Greener lands than the previous days
Goðafoss (Chris is the little blue figure)
After 80km we turned off the main road and climbed up 600m on a shingle road which lead to a radio tower. From there we could drop down into the valley in which the town of Akureyri sits.
The view from the saddle down to the fjord of Akureyri
We could hear throbbing rock music coming from the town - apparently there was a big rock concert going on and the town would be very loud all night. So after a bit of time spent hunting around we found a spot in the bushes to pitch our tent and spend the night. We could look across the fjord to town and enjoy the music as we cooked dinner.
The ride only took 4.5 hours, so we laughed a bit about bamboo bike man who thought it must take at least 7. We slept very well after our busy day and it seemed like no time before our alarms went off. We had to hop up, depitch and head into Akureyri to catch the bus at 8 am. It all worked out nicely and we were soon sitting on the comfy bus which would take us all the way back to Reykjavik with a few stops along the way.
Our bus, with our bikes strapped to the front
The bus would drive through the inland route F35 called Kjölur which we would have liked to cycle if we had had more time. Still, it was nice to see the route anyway, and we had already sussed out that it would stop at the Hvervellir hot spring for 45 minutes - enough time for a soak!
We leaped off the bus when it stopped and undressed along with a couple of other keen bean travelers and enjoyed the prefect temperature of the pool. It was deliciously hot and we could take in the wide landscape with the humongous glaciers in the distance.
Mmmm, the perfect temperature at last!
We had a few more stops along the way including an extremely crowded Gullfoss - I don't think I have ever seen so many tourists at one waterfall and of course the famous Geysir. Geysir itself doesn't actually erupt any more, but another geysir called Strokkur proved to be much more spectacular than we imagined and we got some good video footage of it along with the hundreds of other tourists.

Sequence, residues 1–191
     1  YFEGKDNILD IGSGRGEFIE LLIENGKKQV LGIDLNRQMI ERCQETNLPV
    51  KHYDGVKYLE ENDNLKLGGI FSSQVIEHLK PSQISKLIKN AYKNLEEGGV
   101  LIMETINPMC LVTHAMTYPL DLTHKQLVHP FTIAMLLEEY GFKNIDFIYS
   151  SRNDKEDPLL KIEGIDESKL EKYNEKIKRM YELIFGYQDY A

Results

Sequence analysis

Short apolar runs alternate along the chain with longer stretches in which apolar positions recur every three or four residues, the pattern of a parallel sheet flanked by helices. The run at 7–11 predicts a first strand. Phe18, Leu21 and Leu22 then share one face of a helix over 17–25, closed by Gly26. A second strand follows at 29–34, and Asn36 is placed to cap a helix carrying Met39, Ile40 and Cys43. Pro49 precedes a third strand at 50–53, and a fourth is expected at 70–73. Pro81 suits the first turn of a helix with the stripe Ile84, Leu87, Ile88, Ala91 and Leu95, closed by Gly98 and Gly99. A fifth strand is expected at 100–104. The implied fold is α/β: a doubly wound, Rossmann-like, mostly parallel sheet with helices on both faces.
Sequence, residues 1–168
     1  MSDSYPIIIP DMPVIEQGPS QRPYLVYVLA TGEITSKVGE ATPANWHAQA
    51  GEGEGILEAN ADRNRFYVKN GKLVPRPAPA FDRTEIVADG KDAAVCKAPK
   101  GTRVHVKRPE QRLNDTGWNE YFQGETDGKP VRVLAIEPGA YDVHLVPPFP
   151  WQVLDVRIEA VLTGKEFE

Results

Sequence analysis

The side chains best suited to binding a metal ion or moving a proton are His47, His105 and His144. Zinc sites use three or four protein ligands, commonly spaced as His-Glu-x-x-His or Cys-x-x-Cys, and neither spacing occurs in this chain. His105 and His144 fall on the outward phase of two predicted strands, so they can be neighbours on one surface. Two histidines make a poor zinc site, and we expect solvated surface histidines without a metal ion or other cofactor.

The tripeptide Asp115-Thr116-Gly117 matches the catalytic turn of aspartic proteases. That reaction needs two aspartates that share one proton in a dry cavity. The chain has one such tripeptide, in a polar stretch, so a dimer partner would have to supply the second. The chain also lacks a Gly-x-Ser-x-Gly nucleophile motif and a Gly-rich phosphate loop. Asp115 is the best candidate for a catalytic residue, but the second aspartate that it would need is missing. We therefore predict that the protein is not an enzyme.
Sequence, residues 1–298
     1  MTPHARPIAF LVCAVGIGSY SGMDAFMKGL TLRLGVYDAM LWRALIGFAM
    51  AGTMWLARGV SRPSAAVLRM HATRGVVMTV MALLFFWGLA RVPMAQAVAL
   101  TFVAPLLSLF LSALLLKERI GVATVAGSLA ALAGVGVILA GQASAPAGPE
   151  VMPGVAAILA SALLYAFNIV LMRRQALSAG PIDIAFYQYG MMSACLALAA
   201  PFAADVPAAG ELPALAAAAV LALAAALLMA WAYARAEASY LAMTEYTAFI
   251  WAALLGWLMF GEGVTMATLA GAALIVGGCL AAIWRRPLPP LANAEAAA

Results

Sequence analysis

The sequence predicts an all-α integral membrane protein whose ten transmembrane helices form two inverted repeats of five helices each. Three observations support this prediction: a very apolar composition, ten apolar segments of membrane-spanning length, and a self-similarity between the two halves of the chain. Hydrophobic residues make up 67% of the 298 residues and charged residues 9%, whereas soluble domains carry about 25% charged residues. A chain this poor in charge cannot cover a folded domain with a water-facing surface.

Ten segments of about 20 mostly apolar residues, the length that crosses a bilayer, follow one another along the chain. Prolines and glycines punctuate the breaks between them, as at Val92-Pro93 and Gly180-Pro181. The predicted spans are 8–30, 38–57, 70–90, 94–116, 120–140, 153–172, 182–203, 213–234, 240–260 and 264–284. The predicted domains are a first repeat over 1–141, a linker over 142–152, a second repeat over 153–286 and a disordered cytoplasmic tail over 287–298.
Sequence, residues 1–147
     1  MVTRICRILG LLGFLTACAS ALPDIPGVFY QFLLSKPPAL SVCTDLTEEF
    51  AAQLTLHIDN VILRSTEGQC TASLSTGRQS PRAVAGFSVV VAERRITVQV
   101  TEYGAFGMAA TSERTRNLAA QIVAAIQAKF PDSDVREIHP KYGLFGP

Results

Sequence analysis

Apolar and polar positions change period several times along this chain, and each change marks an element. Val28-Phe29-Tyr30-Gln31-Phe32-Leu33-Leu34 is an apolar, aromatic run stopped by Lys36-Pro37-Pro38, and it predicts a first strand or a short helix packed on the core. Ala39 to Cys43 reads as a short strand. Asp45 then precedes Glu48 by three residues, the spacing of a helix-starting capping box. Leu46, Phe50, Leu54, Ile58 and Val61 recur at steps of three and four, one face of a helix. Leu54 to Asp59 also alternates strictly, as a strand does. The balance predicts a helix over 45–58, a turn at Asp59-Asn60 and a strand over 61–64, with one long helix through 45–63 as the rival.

Chris enjoys Gullfoss (yogurt snack in hand)
The Emerald Pool - I had been looking forward to seeing this one
We reflected that it had been nice to see some of the main tourist attractions of Iceland, but our adventure on the bikes exploring and discovering under our own steam had been so much more rewarding.
Finally we arrived in Reykjavik at 8pm after 12 hours on the bus. We had time for a quick wander through the capital and time to buy a delicious take away pizza to eat in the park, before getting on another bus to Kelfavik camping area. There we picked up the gear we had left behind and cycled down to the airport.
The main pedestrian street in Reykjavik
Chris cycles along the cycle path in ReykjavikWe did a quick bike pack outside the main entrance to the airport with a little audience laughing at all our smelly gears strewn every where and then packed away again into two bike bags. At midnight we flew out of Iceland bound for Germany. It had been an amazing two weeks we will never forget and I can't believe it took me four blog posts to get it all down! Hope you enjoyed it too (-:
Mmmm, a yummy pizza in a park before we fly away!